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Trjan T105's


ralphclaydon
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Has anyone had any problems with these batteries suddenly not holding a charge?

 

I installed 4 of these last March, these last weeks according to my Smart gauge have dropped from 100% to 72 %, i only use a couple of LED light and a water pump. Today i put 4 x 10w bulbs on for about 30 minutes and the charge went from 83% to 72%.

I have checked to make sure nothing is switched on or working which i don,t know about.

 

I am on shore power so not using inverter etc.

 

Thanks

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So how are you charging the batteries? If you are on shore power, do you have a battery charger permanently connected? If so, I am puzzled why the batteries should be going down at all. Please give us a bit more information.

 

But pending that, have you checked the electrolyte levels? Are the battery interconnects in good condition (clean and tight)? These batteries are normally pretty good but of course it is always possible to have a duff one.

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Hi

I have a sterling battery charger permanently connected. which i use when the smart gauge gets down to about 75%

I have checked the water levels , have not had to top up since i installed them March last year. The connections are all tight and clean. The batteries are inside the boat.

I have been on boat all winter, its only the last few weeks that the smart gauge has shown the percentage drop very quickly

sorry but i don't know much about checking the batteries!

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Hi

I have a sterling battery charger permanently connected. which i use when the smart gauge gets down to about 75%

I have checked the water levels , have not had to top up since i installed them March last year. The connections are all tight and clean. The batteries are inside the boat.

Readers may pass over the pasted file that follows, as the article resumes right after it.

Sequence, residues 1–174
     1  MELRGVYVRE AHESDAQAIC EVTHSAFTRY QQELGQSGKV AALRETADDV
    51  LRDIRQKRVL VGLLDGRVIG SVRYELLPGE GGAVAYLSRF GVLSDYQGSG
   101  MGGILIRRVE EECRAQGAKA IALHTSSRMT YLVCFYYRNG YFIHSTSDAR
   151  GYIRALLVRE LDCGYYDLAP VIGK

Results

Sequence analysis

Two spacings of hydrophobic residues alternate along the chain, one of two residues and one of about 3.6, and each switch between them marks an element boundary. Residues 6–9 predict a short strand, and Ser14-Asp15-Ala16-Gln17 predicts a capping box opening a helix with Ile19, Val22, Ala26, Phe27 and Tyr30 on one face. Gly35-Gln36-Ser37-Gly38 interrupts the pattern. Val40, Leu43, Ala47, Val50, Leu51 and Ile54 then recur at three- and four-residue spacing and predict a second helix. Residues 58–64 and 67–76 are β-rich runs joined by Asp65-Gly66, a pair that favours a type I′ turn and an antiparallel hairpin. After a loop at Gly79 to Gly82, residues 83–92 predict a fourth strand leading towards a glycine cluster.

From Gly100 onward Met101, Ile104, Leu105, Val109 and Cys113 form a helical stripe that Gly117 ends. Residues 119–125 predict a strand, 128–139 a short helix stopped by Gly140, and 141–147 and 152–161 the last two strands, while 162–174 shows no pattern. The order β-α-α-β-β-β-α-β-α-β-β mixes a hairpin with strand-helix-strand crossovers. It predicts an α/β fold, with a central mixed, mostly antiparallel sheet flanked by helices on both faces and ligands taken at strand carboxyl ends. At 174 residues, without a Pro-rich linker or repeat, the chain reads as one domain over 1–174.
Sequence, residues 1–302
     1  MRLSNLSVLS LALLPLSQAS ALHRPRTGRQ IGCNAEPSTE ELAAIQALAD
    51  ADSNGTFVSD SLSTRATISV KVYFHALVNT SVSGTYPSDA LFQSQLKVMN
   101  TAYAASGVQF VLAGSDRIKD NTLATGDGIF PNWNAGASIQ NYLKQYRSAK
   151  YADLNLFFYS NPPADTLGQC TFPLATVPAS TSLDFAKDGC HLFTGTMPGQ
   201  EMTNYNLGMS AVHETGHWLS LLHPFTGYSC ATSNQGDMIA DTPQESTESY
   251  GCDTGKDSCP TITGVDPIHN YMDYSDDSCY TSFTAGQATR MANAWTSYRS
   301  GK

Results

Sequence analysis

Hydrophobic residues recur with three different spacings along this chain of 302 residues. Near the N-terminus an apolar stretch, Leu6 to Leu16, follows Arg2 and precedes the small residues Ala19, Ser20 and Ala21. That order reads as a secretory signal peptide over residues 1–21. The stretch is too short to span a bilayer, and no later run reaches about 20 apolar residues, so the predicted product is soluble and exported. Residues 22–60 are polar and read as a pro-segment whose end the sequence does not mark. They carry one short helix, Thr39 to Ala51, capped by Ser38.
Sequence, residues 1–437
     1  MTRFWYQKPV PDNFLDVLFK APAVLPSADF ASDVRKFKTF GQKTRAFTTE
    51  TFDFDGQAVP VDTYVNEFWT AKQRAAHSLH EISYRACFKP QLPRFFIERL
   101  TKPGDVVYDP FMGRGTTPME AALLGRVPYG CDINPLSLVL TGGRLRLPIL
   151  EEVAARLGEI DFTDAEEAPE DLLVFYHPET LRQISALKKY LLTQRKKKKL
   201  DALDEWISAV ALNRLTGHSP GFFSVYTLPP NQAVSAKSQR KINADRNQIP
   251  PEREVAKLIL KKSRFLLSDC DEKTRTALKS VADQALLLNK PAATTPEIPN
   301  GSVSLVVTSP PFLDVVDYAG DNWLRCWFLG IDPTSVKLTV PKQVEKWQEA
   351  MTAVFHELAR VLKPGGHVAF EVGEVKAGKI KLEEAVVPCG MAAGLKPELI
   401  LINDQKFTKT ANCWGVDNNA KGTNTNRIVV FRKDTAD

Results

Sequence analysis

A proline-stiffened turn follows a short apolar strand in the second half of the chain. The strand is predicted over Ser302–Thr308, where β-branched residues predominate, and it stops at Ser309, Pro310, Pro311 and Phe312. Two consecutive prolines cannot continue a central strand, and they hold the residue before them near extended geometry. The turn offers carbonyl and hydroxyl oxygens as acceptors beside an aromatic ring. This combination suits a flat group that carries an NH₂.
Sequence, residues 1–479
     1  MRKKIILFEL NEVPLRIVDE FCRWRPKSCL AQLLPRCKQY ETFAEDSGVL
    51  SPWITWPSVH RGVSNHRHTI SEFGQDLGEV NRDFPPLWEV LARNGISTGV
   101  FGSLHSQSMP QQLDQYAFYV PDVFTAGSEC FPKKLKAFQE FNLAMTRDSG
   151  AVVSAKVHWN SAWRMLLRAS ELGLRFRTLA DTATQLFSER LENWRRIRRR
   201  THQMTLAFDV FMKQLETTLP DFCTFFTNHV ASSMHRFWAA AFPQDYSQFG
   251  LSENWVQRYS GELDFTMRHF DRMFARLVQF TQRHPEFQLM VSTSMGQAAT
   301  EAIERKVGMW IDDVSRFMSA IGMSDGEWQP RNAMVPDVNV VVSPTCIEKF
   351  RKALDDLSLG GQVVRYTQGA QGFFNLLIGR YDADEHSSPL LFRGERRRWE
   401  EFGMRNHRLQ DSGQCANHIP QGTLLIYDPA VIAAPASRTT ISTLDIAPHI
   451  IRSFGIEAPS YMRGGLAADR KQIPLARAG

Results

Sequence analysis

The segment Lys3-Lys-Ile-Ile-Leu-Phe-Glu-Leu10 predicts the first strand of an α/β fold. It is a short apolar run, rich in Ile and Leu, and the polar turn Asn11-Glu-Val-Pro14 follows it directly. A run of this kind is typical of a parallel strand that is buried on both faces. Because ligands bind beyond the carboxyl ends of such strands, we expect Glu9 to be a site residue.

I have been on boat all winter, its only the last few weeks that the smart gauge has shown the percentage drop very quickly

sorry but i don't know much about checking the batteries!

Firstly, it would be normal to leave the charger permanently on presuming it has a float mode. If it is a marine type charger, which being a Sterling it surely will be, it is designed to be left on. This means that you are never cycling the batteries thus prolonging their lives.

 

Anyway, Trojans like a good charge at up to 14.8v routinely and this causes them to lose a little water. If they have gone for a year on a live aboard without needing to be topped up, this suggests they are not being charged adequately and may be sulphated.

 

I think you should try an equalisation charge, which basically involves fully charging the batteries and then raising the voltage to around 15.5v for a good few hours, whilst keeping an eye on battery temperature and water levels. It may be that your charger has a selectable equalise mode, otherwise you will need to find some means of charging at the higher voltage.

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Yes agree with Nick. Bad policy to not have a multi-stage charger running continously when on permanent shore power - that's what they are designed for. The charger also acts as a power pack so that within the limits of the chargers capability, no power is taken from the batteries.